Sunday, November 19, 2006

Canadian Fact Finding Mission Appalled by Human Rights Violations in Nueva Ecija

Canadian Human Rights Fact-Finding Mission
Central Luzon Team
Merryn Edwards
Spokesperson, Central Luzon Team
Tel. No.: 0926-738-1313

19 November 2006

"We are completely appalled by the severity of the human rights violations and the level of militarization in Nueva Ecija," stated Merryn Edwards, a member of the Central Luzon team of the Canadian Human Rights Fact-Finding Mission. The team is one of three Canadian teams working with Philippine human rights advocates to document reports of human rights violations in Central Luzon, Southern Tagalog, and Cordillera regions.

The Canadian delegates had been following reports coming from Philippine human rights organizations before leaving Canada, but Edwards noted that "the impact of seeing the situation first-hand has been very powerful."

Yesterday, the team heard testimony from a witness who stated that a local peasant leader was brutally beaten and shot in front of his children.

"The bravery of the witnesses in coming forward, despite fear for their lives, is inspiring us to work hard to meet our mission's objectives despite continued obstruction and harassment by the military," asserted Edwards.

For the second day in a row, the group has noticed that they were being observed and followed by men who did not identify themselves.

Climate of fear

The team has heard from several local government officials who have explained how the military has systematically initiated a network called the Barangay Defense System or BDS.

"Officially, civilian participation in the BDS is voluntary," explained Edwards, "but citizens have told us that they are afraid that they will be targeted by the military if they do not participate."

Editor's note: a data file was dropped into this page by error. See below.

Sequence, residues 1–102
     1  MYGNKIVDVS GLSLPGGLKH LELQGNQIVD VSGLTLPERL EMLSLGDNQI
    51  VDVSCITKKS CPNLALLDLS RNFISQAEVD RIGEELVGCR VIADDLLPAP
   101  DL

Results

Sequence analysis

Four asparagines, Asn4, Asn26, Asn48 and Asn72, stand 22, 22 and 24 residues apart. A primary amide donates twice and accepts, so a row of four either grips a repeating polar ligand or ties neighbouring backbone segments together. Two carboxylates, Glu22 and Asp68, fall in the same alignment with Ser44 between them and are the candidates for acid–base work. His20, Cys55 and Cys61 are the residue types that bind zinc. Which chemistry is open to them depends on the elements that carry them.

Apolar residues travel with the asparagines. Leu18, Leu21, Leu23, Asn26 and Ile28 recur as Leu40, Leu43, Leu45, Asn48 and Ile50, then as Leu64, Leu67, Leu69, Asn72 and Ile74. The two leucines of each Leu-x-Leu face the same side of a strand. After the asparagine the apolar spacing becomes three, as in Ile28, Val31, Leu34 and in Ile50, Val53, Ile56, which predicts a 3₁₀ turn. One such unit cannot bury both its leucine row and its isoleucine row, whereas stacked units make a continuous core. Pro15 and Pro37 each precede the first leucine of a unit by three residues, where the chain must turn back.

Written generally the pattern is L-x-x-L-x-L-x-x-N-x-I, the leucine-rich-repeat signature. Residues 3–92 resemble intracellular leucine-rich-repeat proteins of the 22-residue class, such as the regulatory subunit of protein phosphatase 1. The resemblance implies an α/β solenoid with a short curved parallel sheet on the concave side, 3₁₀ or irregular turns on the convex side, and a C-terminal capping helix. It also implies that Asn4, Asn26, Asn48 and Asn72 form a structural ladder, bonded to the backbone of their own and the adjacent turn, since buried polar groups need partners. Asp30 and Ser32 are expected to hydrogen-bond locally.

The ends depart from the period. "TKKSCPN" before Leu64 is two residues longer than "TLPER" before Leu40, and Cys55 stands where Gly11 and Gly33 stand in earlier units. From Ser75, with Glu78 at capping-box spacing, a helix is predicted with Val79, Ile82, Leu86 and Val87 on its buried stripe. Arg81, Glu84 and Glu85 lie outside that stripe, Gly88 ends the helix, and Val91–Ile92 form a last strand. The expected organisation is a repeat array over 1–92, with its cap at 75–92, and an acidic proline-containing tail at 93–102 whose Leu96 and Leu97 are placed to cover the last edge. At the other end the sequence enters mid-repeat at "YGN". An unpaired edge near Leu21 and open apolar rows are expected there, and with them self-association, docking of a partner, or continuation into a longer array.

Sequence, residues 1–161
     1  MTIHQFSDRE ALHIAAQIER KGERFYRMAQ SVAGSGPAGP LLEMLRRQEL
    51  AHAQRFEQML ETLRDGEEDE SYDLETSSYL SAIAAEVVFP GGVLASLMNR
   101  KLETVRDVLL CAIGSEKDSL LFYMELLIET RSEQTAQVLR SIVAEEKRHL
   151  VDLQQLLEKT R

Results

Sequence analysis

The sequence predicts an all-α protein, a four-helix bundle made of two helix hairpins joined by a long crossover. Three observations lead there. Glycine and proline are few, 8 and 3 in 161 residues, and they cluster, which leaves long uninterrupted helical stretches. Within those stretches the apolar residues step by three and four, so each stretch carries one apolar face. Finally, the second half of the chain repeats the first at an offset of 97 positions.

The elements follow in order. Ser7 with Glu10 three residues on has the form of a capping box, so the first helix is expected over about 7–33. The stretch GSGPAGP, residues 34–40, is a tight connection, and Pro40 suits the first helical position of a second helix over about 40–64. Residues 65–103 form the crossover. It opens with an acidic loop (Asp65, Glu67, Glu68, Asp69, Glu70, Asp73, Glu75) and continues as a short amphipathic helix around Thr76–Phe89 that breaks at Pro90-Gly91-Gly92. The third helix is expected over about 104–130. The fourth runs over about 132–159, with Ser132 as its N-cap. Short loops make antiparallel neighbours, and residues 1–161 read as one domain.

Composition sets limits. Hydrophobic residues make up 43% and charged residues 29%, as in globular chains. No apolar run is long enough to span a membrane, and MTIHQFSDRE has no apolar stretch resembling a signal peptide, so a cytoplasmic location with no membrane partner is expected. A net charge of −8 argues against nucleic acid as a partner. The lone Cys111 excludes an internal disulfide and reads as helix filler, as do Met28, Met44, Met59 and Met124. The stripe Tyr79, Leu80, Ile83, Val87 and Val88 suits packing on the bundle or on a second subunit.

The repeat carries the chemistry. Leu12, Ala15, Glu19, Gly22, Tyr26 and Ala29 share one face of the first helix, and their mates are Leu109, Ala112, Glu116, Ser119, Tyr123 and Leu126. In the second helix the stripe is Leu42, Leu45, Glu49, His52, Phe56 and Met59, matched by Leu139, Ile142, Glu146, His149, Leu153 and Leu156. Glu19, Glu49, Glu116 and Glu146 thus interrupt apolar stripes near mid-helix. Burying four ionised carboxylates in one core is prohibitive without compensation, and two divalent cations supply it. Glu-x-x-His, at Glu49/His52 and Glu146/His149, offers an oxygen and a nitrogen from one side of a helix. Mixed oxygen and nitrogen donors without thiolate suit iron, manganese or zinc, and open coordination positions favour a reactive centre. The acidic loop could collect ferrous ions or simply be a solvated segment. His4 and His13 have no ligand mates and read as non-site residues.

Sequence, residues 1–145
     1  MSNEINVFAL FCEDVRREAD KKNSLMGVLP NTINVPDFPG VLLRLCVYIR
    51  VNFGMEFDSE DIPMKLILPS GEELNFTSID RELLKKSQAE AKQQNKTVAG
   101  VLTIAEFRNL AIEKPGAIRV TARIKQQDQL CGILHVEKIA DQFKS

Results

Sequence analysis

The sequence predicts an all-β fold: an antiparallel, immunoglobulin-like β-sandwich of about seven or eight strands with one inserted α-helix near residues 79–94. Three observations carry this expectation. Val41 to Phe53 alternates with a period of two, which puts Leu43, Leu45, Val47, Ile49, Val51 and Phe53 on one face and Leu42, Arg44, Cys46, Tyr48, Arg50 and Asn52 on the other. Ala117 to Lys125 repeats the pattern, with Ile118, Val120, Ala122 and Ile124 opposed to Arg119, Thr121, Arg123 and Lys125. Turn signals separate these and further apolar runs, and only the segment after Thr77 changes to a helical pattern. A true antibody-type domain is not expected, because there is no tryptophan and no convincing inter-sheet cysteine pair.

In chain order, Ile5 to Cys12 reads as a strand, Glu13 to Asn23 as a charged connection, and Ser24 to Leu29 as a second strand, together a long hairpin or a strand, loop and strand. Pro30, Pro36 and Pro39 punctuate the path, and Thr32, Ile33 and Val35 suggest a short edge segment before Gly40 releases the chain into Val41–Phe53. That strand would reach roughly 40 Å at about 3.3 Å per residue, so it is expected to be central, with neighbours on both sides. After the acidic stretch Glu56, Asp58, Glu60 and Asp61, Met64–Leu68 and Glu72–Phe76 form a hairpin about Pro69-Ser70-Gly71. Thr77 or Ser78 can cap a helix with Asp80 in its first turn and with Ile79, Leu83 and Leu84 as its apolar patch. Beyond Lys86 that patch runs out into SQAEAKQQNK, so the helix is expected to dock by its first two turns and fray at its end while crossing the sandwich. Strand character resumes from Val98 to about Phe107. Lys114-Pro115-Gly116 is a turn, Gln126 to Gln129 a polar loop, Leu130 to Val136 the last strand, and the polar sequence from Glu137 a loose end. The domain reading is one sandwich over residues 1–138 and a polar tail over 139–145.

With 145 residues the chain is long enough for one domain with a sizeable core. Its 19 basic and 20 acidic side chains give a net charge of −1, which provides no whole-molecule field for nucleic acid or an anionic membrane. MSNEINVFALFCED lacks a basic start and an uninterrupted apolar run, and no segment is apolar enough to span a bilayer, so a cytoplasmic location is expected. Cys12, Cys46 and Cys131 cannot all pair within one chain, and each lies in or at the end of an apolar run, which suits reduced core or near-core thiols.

While traveling to collect testimony, the Fact-Finding Mission has passed through numerous BDS Checkpoints, some located less than a kilometer apart.

"Our impression is that this BDS system is promoting a climate of fear in these communities," said Edwards.

Cowboy Justice

The Fact-Finding Mission has documented incidents in which witnesses testified that the military were dispensing punishment for alleged crimes, without making formal charges or involving local authorities or police.

The Barangay Captain of Villa Marina, San Jose City, Danilo de la Cruz, admitted to the team that the military had tortured three people who were accused of possessing weapons after a deadline the military had set for turning in arms.

"We were shocked when he told us that these people had only been 'slightly tortured". What is the state of democracy when local government officials are accepting the authority of the military to dispense this kind of cowboy justice?" Edwards asked further.

The three teams of the Fact-Finding Mission will be consolidating their findings before presenting to the Canadian Embassy in Manila on November 22nd.

"We will take that opportunity to express our grave concerns. Canada provides aid to the Philippines and Canadian corporations are active here, so we feel that our government has a responsibility to speak out against these atrocities and to ensure due process is followed to bring about genuine justice," closed Edwards.###


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